AUA 2018: Prospective Validation of a Diagnostic Urine Test For Bladder Cancer: The HEMAturia Study

San Francisco, CA (UroToday.com) Kim van Kessel, MD, presented a validation study of a urine-based diagnostic assay for bladder cancer: The HEMAturia study. The authors have previously published their findings on this test using a discovery cohort and retrospective validation cohort, reporting >90% sensitivity and 83-85% specificity.1,2 However, as those were both case enriched, they are moving to a prospective cohort. Now, they prospectively identified 1006 patients referred to Urology for microscopic or macroscopic hematuria in 6 hospitals in the Netherlands. The urine sample was collected prior to undergoing diagnostic cystoscopy.

The test identifies 3 mutations (FGFR3, TERT, HRAS) and 3 methylations (OTX1, ONECUT2, TWIST1) from urine samples with volumes as low as 2ml in some patients within their study cohort. 

Of 1092 patients who provided a voided urine specimen, only 1003 met inclusion criteria. Of these, 118 had urine specimens that could not be analyzed. This left 885 patients for analysis.

  • The 118 patients are an issue - ~10% of patients whose urine didn’t yield results
  • The presenter herself addressed this – they did not require a specific volume of urine be submitted. While volume isn’t necessarily the issue, it is the concentration that matters. Despite that, more volume increased yield. So, in the future, they will specify volume to be submitted and request 2 samples (has been shown to increase yield).
55% of patients presented with macroscopic hematuria, and 45% presented with microscopic hematuria. 59% were male. 115 patients were identified to have urothelial cancer. Patients with cancer were more likely to have gross hematuria. Majority were bladder cancers (96%). Most were Ta or T1. 42% were grade 3. 13% had concomitant CIS.

The initial model combined age + methylation + mutation markers. The assay resulted in an AUC of 0.92, with 88% sensitivity and 80% specificity. Negative predictive value was 98%. 

However, when they substituted nature of hematuria (macro or microscopic) instead of age, the assay resulted in an AUC of 0.95, with 93% sensitivity and 81% specificity. Negative predictive value was 99%.

In terms of missed diagnoses, there were 6/101 in patients with macroscopic hematuria and 2/14 in patients with microscopic hematuria. There were 9 false positives in the entire cohort (all in microscopic hematuria). All upper tract tumors were detected.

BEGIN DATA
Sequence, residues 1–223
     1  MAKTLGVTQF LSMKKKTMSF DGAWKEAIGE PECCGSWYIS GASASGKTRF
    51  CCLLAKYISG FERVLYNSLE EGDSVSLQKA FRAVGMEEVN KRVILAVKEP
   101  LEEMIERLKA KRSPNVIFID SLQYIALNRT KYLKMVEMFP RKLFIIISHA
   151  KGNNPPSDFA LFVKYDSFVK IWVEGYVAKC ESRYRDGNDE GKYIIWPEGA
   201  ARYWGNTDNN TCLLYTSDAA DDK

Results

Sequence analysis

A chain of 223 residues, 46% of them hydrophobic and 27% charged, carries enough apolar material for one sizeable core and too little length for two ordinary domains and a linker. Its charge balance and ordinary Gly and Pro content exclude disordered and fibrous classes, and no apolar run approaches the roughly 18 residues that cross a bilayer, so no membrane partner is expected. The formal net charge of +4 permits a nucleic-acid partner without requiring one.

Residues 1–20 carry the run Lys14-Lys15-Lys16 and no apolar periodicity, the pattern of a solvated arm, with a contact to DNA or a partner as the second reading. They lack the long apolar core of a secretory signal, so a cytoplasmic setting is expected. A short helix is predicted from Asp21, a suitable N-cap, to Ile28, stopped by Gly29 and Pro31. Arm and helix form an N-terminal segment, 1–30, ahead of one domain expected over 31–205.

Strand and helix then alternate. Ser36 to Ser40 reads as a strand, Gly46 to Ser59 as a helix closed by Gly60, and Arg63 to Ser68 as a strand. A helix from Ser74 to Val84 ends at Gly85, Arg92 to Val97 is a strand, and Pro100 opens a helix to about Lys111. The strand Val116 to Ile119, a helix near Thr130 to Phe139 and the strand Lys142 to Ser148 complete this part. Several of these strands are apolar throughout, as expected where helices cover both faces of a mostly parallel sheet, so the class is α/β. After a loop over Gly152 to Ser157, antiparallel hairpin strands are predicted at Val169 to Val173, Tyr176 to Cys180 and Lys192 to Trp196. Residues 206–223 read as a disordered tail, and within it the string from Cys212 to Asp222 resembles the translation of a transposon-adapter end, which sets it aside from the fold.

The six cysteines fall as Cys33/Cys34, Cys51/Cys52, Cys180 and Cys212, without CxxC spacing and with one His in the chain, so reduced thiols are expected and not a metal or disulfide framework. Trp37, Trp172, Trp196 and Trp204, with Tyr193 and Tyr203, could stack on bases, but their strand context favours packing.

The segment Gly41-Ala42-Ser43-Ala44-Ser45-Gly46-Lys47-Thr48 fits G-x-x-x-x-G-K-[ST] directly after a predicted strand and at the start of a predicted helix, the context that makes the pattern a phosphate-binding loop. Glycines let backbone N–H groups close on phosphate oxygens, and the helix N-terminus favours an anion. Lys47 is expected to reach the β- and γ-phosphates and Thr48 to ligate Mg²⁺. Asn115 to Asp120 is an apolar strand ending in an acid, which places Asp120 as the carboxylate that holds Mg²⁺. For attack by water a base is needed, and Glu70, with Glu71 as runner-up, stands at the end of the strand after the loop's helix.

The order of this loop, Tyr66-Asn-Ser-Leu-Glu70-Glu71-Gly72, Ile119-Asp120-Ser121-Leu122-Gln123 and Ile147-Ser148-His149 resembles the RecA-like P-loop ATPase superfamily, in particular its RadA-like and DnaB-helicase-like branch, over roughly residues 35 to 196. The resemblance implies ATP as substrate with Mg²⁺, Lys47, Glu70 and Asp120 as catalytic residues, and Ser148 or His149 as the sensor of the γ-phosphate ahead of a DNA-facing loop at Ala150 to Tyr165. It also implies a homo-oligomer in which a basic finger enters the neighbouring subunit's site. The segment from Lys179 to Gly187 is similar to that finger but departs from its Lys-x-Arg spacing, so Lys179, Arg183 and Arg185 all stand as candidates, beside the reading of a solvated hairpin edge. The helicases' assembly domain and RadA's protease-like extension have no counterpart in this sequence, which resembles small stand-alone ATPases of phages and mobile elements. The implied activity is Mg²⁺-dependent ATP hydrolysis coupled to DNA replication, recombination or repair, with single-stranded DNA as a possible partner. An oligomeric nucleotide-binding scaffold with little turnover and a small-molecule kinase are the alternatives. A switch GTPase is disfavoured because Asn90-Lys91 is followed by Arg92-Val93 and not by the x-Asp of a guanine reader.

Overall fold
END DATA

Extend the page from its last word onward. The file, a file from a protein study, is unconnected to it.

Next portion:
These results are truly remarkable, and in some ways, almost too hard to believe! Yet, as they have demonstrated in a large prospective dataset the efficacy of this test, it is very convincing as the real-deal. The assay will now be developed for clinical use, and is being developed commercially by MDxHealth, Inc.

The development of such an assay has long been a dream for clinicians who see large volumes of hematuria patients. The current standard of care, which includes axial imaging, cystoscopy, and urine cytology for some patients, is costly, time-consuming, and not 100% diagnostic. Having a urine-based biomarker test to select which patients should undergo more intensive testing is a potential game-changer for our field. In this study alone, nearly 88% of patients might have been spared cystoscopic evaluation if the biomarker test were used as an initial screening tool.

Of course, the test still needs to be proven in the screening role, but it is likely that it will play an important role in future hematuria algorithms. Surely, this test will also be studied for use in patients under bladder cancer surveillance and potentially to even evaluate patients after neoadjuvant chemotherapy to assess the need for radical cystectomy (identifying T0 patients).

Limitations / Discussion Points:

1. One of the audience members asked about logistics:
   - volume of urine received ranged from 2-100 mL
   - concentration is more important than volume
   - 2 samples better than 1
   - Results take about 3 days to return

References:
1. van Kessel KE, Beukers W, Lurkin I, Ziel-van der Made A, van der Keur KA, Boormans JL, Dyrskjøt L, Márquez M, Ørntoft TF, Real FX, Segersten U, Malats N, Malmström PU, Van Criekinge W, Zwarthoff EC. Validation of a DNA Methylation-Mutation Urine Assay to Select Patients with Hematuria for Cystoscopy. J Urol. 2017 Mar;197(3 Pt 1):590-595. doi: 10.1016/j.juro.2016.09.118. Epub 2016 Oct 13
2. van Kessel KE, Van Neste L, Lurkin I, Zwarthoff EC, Van Criekinge W. Evaluation of an Epigenetic Profile for the Detection of Bladder Cancer in Patients with Hematuria. J Urol. 2016 Mar;195(3):601-7. doi: 10.1016/j.juro.2015.08.085. Epub 2015 Aug 29.


Presented by: Kim van Kessel, MD, MSc, Erasmus Medical Center
Co-Authors: Joep de Jong, Angelique Ziel-van der Made, Rotterdam, Netherlands, Hossain Roshani, The Hague, Netherlands, Stefan Haensel, Josien van Montfrans-Wolterbeek, Egbert Boevé, Rotterdam, Netherlands, Eric Oomens, Breda, Netherlands, Niels van Casteren, Capelle a/d IJssel, Netherlands, Joost Boormans, Rotterdam, Netherlands, Wim Van Criekinge, Irvine, CA, Ellen Zwarthoff, Rotterdam, Netherlands

Written by: Thenappan Chandrasekar, MD, Clinical Fellow, University of Toronto, @tchandra_uromd at the 2018 AUA Annual Meeting - May 18 - 21, 2018 – San Francisco, CA USA
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